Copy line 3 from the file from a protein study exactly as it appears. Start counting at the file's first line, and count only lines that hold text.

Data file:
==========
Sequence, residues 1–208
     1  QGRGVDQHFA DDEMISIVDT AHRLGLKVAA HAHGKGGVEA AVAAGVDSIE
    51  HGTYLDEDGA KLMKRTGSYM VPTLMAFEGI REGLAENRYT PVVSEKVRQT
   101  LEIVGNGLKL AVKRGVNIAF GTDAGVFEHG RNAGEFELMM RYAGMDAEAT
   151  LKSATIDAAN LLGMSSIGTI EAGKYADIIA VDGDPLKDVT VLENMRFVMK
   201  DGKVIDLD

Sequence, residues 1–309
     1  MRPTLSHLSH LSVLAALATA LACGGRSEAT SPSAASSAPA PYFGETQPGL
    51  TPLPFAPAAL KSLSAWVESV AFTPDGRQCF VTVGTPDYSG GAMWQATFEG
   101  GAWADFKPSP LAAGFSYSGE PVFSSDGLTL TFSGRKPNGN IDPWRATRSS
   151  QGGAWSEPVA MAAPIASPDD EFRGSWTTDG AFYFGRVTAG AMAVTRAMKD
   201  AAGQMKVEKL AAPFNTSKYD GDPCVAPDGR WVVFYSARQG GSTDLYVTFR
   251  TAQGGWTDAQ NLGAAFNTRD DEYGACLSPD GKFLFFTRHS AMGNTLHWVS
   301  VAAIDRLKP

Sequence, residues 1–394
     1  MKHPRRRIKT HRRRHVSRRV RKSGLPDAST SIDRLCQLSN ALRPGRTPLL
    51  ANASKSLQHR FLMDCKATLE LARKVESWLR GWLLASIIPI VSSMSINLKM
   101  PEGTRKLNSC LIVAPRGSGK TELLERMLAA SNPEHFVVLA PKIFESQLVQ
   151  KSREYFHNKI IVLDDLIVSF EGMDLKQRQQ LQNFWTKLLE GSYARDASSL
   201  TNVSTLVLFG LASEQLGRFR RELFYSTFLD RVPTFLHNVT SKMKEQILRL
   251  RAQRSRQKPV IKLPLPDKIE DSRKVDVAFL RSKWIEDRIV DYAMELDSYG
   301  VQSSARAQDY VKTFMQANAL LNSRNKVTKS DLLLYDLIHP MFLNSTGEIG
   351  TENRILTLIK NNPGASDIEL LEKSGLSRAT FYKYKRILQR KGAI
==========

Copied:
    51  HGTYLDEDGA KLMKRTGSYM VPTLMAFEGI REGLAENRYT PVVSEKVRQT